Study for U.S. 522 water line extension moves forward

by Trish Rudder

Berkeley Springs Water Works (BSWW), the Town of Bath-owned water department, is seeking professional engineering consulting firms to be considered for a water line extension project along U.S. 522.

Berkeley Springs Water Works.

An advertisement was placed in The Morgan Messenger that the town’s public water system “is accepting Statement of Qualifications from qualified professional engineering consulting firms” that must be submitted by November 19.

According to the ad, the statement needs to detail the firm’s qualifications, technical expertise, management and staffing capabilities, references, and related prior experience for the water line extension.

“The total cost of such project is anticipated to cost $250,000 or more,” the ad states.

“Attention is directed to the fact that the proposed project(s) may be undertaken with a variety of Federal and State funds and that all work will be performed in accordance with the regulations issued by such agencies and the State of West Virginia pertaining thereto,” the ad continued.

The sewer department, Warm Springs Public Service District, has considered extending its lines down U.S. 522 and has said it makes sense for the town’s water department to extend its lines as well.

The extension was publicly requested by business owner Randy Waugh, who owns Waugh Mobile Park, on U.S. 522, several years ago. Extended lines could also serve Caperton Furnitureworks and several other businesses south of the Tractor Supply.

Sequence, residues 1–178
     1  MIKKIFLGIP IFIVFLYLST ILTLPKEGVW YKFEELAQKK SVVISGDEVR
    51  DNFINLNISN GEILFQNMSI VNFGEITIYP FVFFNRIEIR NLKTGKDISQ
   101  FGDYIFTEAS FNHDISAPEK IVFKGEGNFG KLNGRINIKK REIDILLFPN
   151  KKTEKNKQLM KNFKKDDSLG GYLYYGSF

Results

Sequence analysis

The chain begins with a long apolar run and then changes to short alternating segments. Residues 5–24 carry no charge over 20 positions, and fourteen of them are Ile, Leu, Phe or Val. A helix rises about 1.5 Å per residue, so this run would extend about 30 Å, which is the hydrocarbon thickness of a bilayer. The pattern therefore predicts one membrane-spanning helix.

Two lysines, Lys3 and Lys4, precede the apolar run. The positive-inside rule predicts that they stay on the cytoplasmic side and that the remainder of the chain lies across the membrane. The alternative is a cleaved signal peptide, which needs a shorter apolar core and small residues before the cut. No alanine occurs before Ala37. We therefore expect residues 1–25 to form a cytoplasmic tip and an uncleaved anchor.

On July 27, the Bath Town Council voted to approve a study to determine if it is feasible for the water lines to be extended down U.S. 522.

Morgan County Commissioner Sean Forney, who also has a business on U.S. 522 and sits on the county’s Economic Development Authority, wants both lines extended to increase business growth. He met with the Water Works and then with the town council in July to move the project forward.

At that meeting, Water Works plant manager, Ron Jainniney said the study would determine if a second water source can be secured.

“We must do a study to know if it is feasible for us,” Jainniney said.

“We have to have another plant out there,” he said.

Bath Mayor Scott Merki had said that he did not want the town’s water source to be impacted and the water rates to its customers increased.

Commissioner Forney said in an email with Bath Councilman Chris Chapman on October 7 that the local advertisements for the study on behalf of the town water department will be paid for by the county. He had said the estimated cost of the preliminary engineering report (PER) is between $15,000 and $35,000, with no cost to be paid by the town.